Analysis, discussion and opinions by members of Newsday's editorial board.
BloggersAlleen Barber Alvin Bessent Rita Ciolli Joseph Dolman Lane Filler Sam Guzik Gerald McKinstry Anne Michaud Larry Striegel Alexa Gorman Christine Powell
Alvin Bessent joined the Newsday editorial board in 1993. He writes about national government policy and politics.
Remember all the recent caterwauling in Washington about trillion dollar plus budget deficits? Never mind. The latest estimate puts this year’s deficit — the difference between what comes in and what goes out — at $642 billion. That’s half what it was four years ago and $200 billion less than was projected just three months ago. So, what happened? The economy got off the mat and began growing. That...Read more »
IRS officials owe the nation more than a canned apology. It must provide honest answers about who is responsible for letting politics creep into it process.
The agency made a chilling admission Friday, acknowledging that the tax collectors singled out conservative political groups for unfair scrutiny between 2010 and 2012. An agency with privileged access to the intimate details of our financial...Read more »
In a priceless comeuppance for Republicans who tried to suppress the Democratic vote in the 2012 election, black voters, who are overwhelmingly Democrats, turned out at a rate that surpassed that of whites for the first time on record.
According to the U.S. Census Bureau 66.2 percent of eligible blacks voted, compared to 64.1 percent of eligible non-Hispanic whites.
And among all racial...Read more »
For the first time in a decade Congress is poised to take a high dive into the politics of immigration this week. Usually Washington waits until a problem becomes a crisis before taking the plunge. Not this time.
The situation with illegal immigration has actually gotten better. Border security has been beefed up dramatically in recent years. With the United States economy weak and the one...Read more »
Crazed or calculating? That's what the world needs to know about North Korea's young Supreme Leader Kim Jong Un.
The answer has been impossible to fathom so far. But the cloistered nation has nuclear weapons and long-range missiles and Kim's reckless saber-rattling has been incessant since he succeeded his father Kim Jong Il on Dec. 28, 2011. So hopefully the answer is calculating.
Kim...Read more »
As the American public passionately debates how to curb lethal gun violence here at home, the world’s nations are negotiating a treaty aimed at achieving the same result globally.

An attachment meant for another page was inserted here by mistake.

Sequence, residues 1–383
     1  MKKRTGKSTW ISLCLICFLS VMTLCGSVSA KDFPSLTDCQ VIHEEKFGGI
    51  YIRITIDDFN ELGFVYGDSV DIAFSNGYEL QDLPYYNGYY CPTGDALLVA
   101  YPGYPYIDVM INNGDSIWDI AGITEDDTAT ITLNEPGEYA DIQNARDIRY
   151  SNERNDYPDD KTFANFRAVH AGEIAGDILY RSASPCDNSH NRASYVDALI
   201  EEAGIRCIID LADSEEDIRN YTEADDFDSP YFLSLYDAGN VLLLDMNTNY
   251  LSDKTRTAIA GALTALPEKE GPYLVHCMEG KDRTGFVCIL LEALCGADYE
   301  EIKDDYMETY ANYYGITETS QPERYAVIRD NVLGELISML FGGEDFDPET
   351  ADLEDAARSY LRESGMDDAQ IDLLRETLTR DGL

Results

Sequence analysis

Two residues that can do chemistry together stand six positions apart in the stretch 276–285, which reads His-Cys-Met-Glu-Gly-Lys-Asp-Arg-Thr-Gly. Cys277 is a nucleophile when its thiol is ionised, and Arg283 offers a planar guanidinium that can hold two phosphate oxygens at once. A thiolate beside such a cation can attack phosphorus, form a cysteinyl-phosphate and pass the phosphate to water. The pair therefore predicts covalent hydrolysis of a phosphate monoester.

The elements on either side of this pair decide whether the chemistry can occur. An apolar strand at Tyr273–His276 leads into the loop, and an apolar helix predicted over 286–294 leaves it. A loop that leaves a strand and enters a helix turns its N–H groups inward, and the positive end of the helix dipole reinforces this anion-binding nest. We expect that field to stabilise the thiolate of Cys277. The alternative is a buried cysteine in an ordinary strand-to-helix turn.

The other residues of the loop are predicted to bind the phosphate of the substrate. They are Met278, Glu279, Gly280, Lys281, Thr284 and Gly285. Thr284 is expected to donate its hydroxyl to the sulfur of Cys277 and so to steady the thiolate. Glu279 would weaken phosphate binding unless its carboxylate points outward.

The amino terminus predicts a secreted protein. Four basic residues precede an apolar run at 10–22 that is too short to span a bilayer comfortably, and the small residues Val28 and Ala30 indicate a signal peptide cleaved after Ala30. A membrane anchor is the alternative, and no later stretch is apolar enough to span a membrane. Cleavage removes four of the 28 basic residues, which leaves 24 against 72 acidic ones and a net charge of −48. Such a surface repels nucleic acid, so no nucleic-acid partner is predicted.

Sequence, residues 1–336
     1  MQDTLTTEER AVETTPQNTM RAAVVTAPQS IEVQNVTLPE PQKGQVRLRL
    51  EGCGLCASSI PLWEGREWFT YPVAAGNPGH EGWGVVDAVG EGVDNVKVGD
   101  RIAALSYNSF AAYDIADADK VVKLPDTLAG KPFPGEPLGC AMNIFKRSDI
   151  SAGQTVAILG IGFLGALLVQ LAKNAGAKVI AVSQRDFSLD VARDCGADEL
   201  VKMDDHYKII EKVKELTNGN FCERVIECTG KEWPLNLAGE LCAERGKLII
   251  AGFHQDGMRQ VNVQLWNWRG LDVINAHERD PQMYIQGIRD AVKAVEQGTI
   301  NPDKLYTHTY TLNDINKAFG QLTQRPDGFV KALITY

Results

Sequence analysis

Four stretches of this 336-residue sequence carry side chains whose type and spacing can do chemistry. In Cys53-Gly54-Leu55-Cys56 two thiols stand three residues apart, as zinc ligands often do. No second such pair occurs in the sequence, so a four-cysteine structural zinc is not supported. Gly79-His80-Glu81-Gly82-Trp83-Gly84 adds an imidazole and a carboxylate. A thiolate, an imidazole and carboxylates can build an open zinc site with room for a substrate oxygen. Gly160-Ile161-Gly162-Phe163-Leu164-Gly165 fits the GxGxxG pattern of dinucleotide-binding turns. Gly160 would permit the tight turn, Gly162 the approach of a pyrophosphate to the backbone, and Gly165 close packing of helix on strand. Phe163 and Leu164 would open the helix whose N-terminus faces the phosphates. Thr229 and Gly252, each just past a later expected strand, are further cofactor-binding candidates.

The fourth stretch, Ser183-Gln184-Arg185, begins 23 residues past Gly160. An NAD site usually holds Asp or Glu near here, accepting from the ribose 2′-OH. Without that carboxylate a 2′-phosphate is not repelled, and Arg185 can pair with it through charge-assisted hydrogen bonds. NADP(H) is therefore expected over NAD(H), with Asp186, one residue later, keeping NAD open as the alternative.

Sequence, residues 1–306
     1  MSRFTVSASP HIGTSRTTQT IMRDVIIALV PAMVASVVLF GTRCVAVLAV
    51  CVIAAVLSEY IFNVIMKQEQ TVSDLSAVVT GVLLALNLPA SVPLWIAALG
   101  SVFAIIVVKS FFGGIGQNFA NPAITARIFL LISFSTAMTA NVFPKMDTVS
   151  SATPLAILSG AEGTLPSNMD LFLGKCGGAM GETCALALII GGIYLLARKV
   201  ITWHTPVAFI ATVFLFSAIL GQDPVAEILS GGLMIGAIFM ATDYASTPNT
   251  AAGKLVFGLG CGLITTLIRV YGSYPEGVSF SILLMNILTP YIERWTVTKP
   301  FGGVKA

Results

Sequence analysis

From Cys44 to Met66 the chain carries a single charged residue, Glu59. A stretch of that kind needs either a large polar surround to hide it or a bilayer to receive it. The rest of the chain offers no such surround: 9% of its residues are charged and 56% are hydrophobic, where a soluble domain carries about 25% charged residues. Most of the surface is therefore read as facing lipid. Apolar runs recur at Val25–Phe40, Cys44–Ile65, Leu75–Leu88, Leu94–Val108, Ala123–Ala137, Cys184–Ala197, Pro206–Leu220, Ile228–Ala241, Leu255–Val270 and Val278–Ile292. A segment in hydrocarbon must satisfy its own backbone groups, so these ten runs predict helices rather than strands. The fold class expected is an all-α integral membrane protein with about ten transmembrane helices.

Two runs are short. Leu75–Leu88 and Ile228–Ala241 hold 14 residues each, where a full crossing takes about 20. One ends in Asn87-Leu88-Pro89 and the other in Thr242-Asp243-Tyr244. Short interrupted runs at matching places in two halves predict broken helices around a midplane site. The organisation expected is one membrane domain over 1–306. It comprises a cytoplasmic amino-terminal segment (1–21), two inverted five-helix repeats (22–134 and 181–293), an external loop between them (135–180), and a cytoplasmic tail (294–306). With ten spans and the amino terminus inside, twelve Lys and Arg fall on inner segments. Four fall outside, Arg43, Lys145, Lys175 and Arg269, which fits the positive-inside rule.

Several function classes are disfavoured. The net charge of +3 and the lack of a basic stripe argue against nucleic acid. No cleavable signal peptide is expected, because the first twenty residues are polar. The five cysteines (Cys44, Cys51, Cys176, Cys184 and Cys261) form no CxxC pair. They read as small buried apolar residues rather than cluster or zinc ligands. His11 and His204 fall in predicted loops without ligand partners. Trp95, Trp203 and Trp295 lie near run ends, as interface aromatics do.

If approved, the Arms Trade Treaty which was debated Thursday at the United Nations would establish the first international standards for cross border sales of conventional weapons, a $70 billion a year trade in...Read more »
The assault weapons ban is the flash point in the congressional debate over gun violence, but the wrangling over background checks is the battle to watch. Requiring the checks for all gun sales is the true heart of reform.
The howls of protest have been loud and long since Senate Majority Leader Harry Reid said the bill that will come to the Senate floor next month will not include a ban on...Read more »
President Barack Obama’s speech before a young Israeli audience in Jerusalem Thursday was in part a throwback to his “yes we can” days as a candidate. It worked then. Maybe it will again.
His call for a two-state solution with Palestinians had the feel of a political rally. And the response was enthusiastic.
His words won't change the hard political realities that have repeatedly thwarted...Read more »
President Barack Obama and congressional Republicans have been dating lately, but they haven’t decided whether to hook-up and consummate a budget deal. They should.
Reacting to criticism that he’s too aloof, Obama went to Capital Hill today to see Senate Republicans. He stopped by Wednesday to visit with House Republicans. And last week he took a few GOP Senators out to dinner at a posh hotel...Read more »
The Obama administration called China out on cyberattacks Monday. It demanded the Chinese government stop the theft of data from the computer networks of American companies that appears to be the work of hackers operating inside China.
Before National Security Advisor Tom Donilon spoke Monday at the Asia Society in New York City, the administration had avoided mentioning China by name when...Read more »